Because of a previously scheduled event, Rahm Emanuel arrived 45 minutes late to the forum sponsored by the historic African-American newspaper. There was scattered applause when he appeared on stage. And by the time the similarly delayed Miguel del Valle showed up, all six candidates for mayor were shoulder-to-shoulder at such an event for the first time.
"The question before us as an entire city is will we meet our common challenges with a common purpose," said Emanuel.
"I think we're looking at a replay of 1992 when everybody said, 'Oh, she didn't have a snowball's chance, and by the way, don't give her money.' And then, I wound up being the senator," said Carol Moseley Braun.
"I don't pay much attention to polls one way or the other. I am running to get every vote in this city," said Gery Chico.
Hours earlier, Emanuel's campaign released a television ad featuring video of his White House sendoff, including President Barack Obama's words of praise for his then departing chief of staff.
"We are all excited for Rahm as he takes on a new challenge for which he is extraordinarily well-qualified," Obama says in the ad.
Del Valle Called the Emanuel ad "dishonest."
"This ad should not be used to mislead people into thinking that Barack has endorsed Rahm Emanuel. And I think that's really an insult to the intelligence of the community," said del Valle.
In another development, Chicago's most widely circulated African-American print publication, N'DIGO magazine, endorsed Emanuel.
The mayoral election is less than two weeks away. Our exclusive ABC7 poll shows one candidate with a big lead in the race.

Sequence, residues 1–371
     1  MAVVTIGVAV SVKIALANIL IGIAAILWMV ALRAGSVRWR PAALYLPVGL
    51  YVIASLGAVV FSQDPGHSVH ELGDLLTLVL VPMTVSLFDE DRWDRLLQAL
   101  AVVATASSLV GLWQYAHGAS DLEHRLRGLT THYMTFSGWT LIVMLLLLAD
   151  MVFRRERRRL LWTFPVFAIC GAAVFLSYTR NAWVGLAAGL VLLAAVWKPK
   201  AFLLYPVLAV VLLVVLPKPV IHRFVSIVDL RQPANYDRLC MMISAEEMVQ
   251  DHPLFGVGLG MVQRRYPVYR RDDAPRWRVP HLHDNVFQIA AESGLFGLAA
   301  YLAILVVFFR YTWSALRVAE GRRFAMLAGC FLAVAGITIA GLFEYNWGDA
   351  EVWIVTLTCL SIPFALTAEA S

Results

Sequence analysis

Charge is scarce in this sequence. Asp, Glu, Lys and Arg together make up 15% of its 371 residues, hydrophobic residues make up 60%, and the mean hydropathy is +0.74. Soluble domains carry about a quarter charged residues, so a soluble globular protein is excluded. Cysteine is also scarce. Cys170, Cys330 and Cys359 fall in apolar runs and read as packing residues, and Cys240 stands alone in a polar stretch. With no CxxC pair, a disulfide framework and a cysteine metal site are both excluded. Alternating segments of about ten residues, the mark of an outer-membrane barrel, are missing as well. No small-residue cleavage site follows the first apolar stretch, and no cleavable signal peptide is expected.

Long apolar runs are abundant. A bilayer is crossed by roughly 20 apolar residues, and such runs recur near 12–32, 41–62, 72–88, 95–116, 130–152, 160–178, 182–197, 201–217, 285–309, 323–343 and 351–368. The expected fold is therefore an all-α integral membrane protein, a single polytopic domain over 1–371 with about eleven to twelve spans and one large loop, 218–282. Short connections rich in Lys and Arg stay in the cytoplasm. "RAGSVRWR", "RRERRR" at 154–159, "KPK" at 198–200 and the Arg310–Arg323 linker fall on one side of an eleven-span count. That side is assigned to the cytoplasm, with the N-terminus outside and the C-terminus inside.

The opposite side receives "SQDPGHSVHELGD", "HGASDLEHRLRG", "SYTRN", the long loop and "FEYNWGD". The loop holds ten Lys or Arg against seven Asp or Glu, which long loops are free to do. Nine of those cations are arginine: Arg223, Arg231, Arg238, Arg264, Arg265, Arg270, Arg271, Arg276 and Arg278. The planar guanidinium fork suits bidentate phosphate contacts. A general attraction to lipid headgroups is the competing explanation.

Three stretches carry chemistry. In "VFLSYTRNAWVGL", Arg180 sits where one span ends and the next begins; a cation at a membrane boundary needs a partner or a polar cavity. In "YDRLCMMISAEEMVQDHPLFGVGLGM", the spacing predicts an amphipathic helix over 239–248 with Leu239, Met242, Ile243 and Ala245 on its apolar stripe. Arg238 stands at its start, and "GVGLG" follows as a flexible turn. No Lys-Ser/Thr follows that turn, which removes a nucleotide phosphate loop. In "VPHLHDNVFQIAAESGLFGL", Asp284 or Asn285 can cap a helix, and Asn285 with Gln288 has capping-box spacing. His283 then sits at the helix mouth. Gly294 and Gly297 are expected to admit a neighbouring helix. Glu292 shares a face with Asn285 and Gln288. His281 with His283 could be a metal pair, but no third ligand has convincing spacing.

Fifty-four percent of people surveyed say they support Rahm Emanuel; 14 percent of respondents said they support Gery Chico; Miguel del Valle got 8 percent, followed by Carol Moseley Braun at 6 percent.
Three percent of those polled supported other candidates. Fifteen percent of those polled were undecided.
If a candidate gets over 50 percent of the vote in the February 22 election there will be no need for a runoff in April.
Richard Day Research conducted the survey of 600 likely city voters exclusively for ABC7. Respondents were contacted by telephone between February 3 and 7.
During the poll, people were also asked what issues were important to them in the race for mayor. Twenty-six percent of voters called the budget crisis -- the city's money problems, its declining tax revenues, mounting debts and growing deficits -- the biggest issue facing the City of Chicago.
"Talking about the city debt, talking about the budget deficits and how they were ever gonna get whole," said pollster Richard Day.
"We can't have a good police force, or firefighters, or pay our teachers well, or have nice parks -- clean parks -- unless we have a sound budget," said survey participant Todd Lakin.
Seventeen percent of voters called the lack of jobs Chicago's biggest issue, 14 percent listed crime and drugs, while just as many called their primary concern taxes and fees or revenue issues again related to the budget.
"So if you take that 26 percent and you put it in with that other 14, you've got 40 percent of the voters who are going to be highly sensitized to anything that has to do with more taxes or how you're going to get more fees out of people," said Day.
Ten percent of the voters surveyed said fixing the public schools was the biggest issue.
"In terms of almost all other civic issues, you can tie them back to, How are we doing with educating our young people? How are we doing with educating our adults?" said survey participant Laura Lane.
Only 5 percent of those surveyed listed corruption and 4 percent city services.
Day says the poll outlined the challenges for whomever wins the election: How to make a virtually broke Chicago still work for a tax-weary citizenry.
"It's gonna a very difficult time to be mayor of Chicago," Day said.
The survey also measured whether Chicagoans thought the city was headed in the right direction: 42 percent said yes, 39 percent said no, and 19 percent were undecided.
It's only a survey, but it does give an idea of what people are thinking about at the polling places.